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Genome Biol Evol. 2015 Sep 15;7(9):2635-47. doi: 10.1093/gbe/evv170.

Metabolic Coevolution in the Bacterial Symbiosis of Whiteflies and Related Plant Sap-Feeding Insects.

Author information

1
Department of Entomology, Cornell University.
2
Boyce Thompson Institute for Plant Research, Cornell University.
3
Boyce Thompson Institute for Plant Research, Cornell University USDA-Agricultural Research Service, U.S. Vegetable Laboratory, Charleston, South Carolina.
4
USDA-Agricultural Research Service, U.S. Vegetable Laboratory, Charleston, South Carolina.
5
USDA-Agricultural Research Service, Crop Improvement and Protection Research, Salinas, California.
6
Boyce Thompson Institute for Plant Research, Cornell University USDA-Agricultural Research Service, Robert W. Holley Center for Agriculture and Health, Ithaca, New York.
7
Ministry of Agriculture Key Laboratory of Agricultural Entomology, Institute of Insect Sciences, Zhejiang University, China shshliu@zhu.edu.cn aes326@cornell.edu.
8
Department of Entomology, Cornell University Department of Molecular Biology and Genetics, Cornell University shshliu@zhu.edu.cn aes326@cornell.edu.

Abstract

Genomic decay is a common feature of intracellular bacteria that have entered into symbiosis with plant sap-feeding insects. This study of the whitefly Bemisia tabaci and two bacteria (Portiera aleyrodidarum and Hamiltonella defensa) cohoused in each host cell investigated whether the decay of Portiera metabolism genes is complemented by host and Hamiltonella genes, and compared the metabolic traits of the whitefly symbiosis with other sap-feeding insects (aphids, psyllids, and mealybugs). Parallel genomic and transcriptomic analysis revealed that the host genome contributes multiple metabolic reactions that complement or duplicate Portiera function, and that Hamiltonella may contribute multiple cofactors and one essential amino acid, lysine. Homologs of the Bemisia metabolism genes of insect origin have also been implicated in essential amino acid synthesis in other sap-feeding insect hosts, indicative of parallel coevolution of shared metabolic pathways across multiple symbioses. Further metabolism genes coded in the Bemisia genome are of bacterial origin, but phylogenetically distinct from Portiera, Hamiltonella and horizontally transferred genes identified in other sap-feeding insects. Overall, 75% of the metabolism genes of bacterial origin are functionally unique to one symbiosis, indicating that the evolutionary history of metabolic integration in these symbioses is strongly contingent on the pattern of horizontally acquired genes. Our analysis, further, shows that bacteria with genomic decay enable host acquisition of complex metabolic pathways by multiple independent horizontal gene transfers from exogenous bacteria. Specifically, each horizontally acquired gene can function with other genes in the pathway coded by the symbiont, while facilitating the decay of the symbiont gene coding the same reaction.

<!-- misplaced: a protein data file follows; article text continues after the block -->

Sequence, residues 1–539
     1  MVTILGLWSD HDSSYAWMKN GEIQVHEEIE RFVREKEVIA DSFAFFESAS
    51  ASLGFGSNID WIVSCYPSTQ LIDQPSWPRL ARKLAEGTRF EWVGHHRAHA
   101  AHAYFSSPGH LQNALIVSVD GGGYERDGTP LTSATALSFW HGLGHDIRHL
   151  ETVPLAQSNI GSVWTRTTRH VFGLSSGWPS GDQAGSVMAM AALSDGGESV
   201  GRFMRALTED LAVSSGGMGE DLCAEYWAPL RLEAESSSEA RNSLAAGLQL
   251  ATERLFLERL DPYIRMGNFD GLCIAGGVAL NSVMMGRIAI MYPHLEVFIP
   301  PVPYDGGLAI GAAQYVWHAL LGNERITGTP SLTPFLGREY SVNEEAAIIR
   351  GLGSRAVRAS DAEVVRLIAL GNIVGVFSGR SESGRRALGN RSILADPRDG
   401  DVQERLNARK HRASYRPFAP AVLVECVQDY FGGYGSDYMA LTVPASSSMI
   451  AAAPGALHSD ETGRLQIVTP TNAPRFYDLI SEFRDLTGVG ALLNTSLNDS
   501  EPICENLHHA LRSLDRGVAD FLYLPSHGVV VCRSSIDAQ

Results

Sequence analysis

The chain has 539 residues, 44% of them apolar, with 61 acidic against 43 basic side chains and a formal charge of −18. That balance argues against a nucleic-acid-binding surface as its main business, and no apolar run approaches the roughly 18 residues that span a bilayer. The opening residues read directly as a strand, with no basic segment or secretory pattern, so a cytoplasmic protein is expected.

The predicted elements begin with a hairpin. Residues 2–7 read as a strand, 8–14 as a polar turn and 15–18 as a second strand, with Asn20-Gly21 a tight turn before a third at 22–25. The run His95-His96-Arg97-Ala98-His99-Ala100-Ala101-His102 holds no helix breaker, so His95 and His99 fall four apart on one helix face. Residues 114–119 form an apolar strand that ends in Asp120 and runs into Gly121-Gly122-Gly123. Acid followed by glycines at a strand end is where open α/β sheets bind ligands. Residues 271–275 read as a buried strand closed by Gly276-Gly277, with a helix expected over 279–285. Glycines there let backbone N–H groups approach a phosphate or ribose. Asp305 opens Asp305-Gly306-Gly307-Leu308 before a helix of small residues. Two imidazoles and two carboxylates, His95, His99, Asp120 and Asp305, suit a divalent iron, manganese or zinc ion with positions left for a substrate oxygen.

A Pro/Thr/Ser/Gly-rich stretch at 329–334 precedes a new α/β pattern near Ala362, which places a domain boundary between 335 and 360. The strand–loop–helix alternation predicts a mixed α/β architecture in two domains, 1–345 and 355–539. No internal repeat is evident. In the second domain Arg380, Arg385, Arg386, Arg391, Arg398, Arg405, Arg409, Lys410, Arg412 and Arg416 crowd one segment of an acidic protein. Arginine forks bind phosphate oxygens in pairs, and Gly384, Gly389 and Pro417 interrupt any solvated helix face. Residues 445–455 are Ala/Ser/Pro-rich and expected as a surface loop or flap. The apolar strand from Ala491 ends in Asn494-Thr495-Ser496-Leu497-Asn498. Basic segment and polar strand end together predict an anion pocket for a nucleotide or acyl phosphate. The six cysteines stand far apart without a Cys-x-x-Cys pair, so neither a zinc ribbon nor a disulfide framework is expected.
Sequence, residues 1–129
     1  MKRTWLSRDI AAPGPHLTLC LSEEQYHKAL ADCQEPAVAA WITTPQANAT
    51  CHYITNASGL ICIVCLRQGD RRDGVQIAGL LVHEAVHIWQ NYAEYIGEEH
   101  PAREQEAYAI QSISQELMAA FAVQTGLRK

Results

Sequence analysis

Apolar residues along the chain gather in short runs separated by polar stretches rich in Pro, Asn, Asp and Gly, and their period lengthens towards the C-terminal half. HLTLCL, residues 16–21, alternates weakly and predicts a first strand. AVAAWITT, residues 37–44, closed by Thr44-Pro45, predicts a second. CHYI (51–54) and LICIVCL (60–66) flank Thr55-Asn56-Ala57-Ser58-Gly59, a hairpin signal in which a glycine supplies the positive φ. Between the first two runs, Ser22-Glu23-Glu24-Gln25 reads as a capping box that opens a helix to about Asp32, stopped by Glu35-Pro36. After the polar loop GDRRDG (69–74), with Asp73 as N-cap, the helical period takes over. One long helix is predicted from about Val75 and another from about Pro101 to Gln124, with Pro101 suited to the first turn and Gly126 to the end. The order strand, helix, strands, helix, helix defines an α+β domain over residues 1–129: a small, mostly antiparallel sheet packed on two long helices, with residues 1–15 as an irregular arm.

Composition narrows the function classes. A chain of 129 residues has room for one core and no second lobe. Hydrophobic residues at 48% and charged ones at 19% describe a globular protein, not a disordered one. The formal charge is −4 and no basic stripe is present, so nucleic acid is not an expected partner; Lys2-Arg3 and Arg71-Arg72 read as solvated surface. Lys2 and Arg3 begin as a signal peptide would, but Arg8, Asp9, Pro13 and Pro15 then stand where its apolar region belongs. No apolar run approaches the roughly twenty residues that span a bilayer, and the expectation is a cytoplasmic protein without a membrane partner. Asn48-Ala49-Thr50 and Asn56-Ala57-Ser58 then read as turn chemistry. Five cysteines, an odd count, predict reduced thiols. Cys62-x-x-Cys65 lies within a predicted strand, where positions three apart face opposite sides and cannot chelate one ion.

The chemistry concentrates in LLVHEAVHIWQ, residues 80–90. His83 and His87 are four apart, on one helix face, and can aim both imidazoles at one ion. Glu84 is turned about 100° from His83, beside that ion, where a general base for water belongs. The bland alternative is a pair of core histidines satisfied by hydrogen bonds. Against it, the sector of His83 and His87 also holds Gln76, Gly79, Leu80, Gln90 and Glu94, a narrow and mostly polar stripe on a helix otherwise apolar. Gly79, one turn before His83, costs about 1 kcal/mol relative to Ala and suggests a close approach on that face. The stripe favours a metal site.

KEYWORDS:

Bemisia tabaci; Hamiltonella; Portiera; amino acid biosynthesis; bacteriocyte; horizontal gene transfer

PMID:
26377567
PMCID:
PMC4607527
DOI:
10.1093/gbe/evv170
[Indexed for MEDLINE]
Free PMC Article

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